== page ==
Carnets d’Orient : Terre fatale
By Hervé St-Louis
January 17, 2010 - 22:10
Writer(s): Jacques Ferrandez
Penciller(s): Jacques Ferrandez
Inker(s): Jacques Ferrandez
Colourist(s): Jacques Ferrandez
Letterer(s): Jacques Ferrandez
Cover Artist(s): Jacques Ferrandez
Terre fatale (Fatal Homeland) is the latest and possibly the last volume of the ten volumes Carnets d’Orient series by French cartoonist Jacques Ferrandez which covers the history of Algeria from the moment the French settled in the 19th century up to the independence of that country in 1962. Using one family, Ferrandez shows what happens to Algeria from its colonial French golden age to the civil and colonial war of independence that shaped this society and the French people who could not conceive that Algeria was not a native part of France.
I remember arguing with other comic book readers years ago that James Robinson’s Starman series was nothing compared to the saga weaved by Ferrandez in Carnets d’Orient. I could not imagine how anyone who knew about comic books could even begin to compare the two. One is a revisionist story reinterpreting the super hero genre in post modern tones. The other a literal saga and epic story mixing historical research and narrative with a fictional family and its involvement in a French colonial experiment. There was just no way Carnets d’Orient, with is humanist overview of life could even be put at the same level of something that focused on the narrow umbilical fetish for men in tights.
Well, Ferrandez let me down with this volume. It felt like he just wanted to end the story and so he covers entire years with but a few pages. The effect is that it feels more like a didactic lesson on Algerian and French history than an epic story involving men and women that love each other, hate people of other cultures and fight for the same land. Such a premise should have been something universal as we have seen that story before. But it wasn’t and although the betrayal of Octave should have been the high point of the story, the briefness of the affair in the story was uneventful. Truly, there was no epic in this story, which was supposed to cap the entire ten volumes saga. Perhaps Ferrandez felt that he had spent too much time chronicling the war of independence in Algeria - he did spend the last four volumes covering but a few years. Perhaps he wanted to move on to other project, instead of the one that gave him the recognition of the industry as a great cartoonist. I haven’t read any of the volumes between volume four (Le Centennaire) and this one. Perhaps something changed in how Ferrandez depicts his characters. I don’t know. But will say that I did not enjoy this release as much as I did the first four.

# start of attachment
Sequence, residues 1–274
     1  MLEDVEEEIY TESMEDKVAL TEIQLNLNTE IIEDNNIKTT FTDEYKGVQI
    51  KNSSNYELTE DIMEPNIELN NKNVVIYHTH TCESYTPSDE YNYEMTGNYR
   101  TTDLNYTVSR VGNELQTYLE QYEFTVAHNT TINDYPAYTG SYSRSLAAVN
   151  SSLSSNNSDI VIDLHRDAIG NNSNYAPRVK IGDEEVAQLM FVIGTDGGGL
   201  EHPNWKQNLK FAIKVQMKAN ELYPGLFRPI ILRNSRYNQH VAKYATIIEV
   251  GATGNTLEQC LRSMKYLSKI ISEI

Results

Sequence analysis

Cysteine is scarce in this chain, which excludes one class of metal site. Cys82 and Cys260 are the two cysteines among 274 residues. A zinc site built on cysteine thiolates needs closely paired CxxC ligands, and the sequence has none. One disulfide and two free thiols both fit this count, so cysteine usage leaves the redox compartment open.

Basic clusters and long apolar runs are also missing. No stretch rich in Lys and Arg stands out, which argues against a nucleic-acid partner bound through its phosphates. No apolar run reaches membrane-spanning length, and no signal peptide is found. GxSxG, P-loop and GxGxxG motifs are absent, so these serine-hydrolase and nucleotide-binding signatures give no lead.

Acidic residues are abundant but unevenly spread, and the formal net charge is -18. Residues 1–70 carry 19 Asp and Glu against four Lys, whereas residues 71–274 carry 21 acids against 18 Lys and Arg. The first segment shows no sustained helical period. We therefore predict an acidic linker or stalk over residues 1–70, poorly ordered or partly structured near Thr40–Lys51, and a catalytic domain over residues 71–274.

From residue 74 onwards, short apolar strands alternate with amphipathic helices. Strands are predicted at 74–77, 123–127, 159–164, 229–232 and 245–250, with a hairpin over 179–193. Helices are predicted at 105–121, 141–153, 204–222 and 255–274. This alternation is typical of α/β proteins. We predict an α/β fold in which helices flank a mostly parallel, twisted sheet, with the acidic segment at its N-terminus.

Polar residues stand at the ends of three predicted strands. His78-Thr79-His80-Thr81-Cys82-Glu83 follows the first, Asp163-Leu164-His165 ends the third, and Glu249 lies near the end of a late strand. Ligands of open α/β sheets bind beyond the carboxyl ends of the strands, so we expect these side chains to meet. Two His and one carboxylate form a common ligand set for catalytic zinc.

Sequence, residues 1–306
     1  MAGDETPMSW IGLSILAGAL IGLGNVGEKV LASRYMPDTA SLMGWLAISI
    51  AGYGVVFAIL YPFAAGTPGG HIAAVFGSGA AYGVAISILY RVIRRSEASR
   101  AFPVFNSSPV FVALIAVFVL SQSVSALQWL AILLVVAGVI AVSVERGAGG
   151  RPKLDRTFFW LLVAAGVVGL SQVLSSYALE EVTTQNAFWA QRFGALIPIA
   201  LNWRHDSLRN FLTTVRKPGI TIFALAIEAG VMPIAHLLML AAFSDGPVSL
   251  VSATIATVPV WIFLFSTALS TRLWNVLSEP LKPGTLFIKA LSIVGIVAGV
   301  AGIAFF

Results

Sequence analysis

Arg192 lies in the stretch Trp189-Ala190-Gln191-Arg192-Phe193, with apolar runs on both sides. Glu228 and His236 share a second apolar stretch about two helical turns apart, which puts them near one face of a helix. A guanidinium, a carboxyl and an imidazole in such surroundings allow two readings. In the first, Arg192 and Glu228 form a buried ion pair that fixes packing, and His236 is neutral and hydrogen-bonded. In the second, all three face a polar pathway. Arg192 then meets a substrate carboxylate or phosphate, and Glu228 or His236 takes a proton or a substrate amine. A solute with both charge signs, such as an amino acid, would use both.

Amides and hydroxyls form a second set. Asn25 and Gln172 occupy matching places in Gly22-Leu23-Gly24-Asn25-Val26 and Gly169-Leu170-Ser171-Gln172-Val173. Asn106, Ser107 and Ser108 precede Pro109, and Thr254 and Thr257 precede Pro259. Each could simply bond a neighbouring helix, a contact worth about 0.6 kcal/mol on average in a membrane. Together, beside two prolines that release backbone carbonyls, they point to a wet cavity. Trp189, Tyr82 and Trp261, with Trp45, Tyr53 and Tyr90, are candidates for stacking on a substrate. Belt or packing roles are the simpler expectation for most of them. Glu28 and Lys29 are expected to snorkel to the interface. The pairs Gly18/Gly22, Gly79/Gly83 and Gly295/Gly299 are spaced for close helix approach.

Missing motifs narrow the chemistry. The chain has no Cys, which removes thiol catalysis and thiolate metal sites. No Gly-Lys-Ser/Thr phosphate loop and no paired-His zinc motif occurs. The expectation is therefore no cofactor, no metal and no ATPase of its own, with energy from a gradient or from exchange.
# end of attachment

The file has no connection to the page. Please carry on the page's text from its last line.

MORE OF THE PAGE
The artwork in this series is more polished than I remember and I blame that squarely on digital comic book production methods. Newspaper clippings used to be mixed in with artwork and charcoal drawings with dirty and bleeding water colours. All of that imperfection is gone and made much more clean and concise in this volume. There are still water colours, but they are now the only imperfections that made past volume breathe with life and uniqueness in the past. I’m not going to bemoan this change in production, as it makes the release and publication of books much more easier than before. Still Ferrandez has a unique style and approach to comic book storytelling which makes me drunk with passion and appreciation. There’s a reason he’s still a favourite of mine and I’ll take one of his “expresso” stories over any Starman volume every time.
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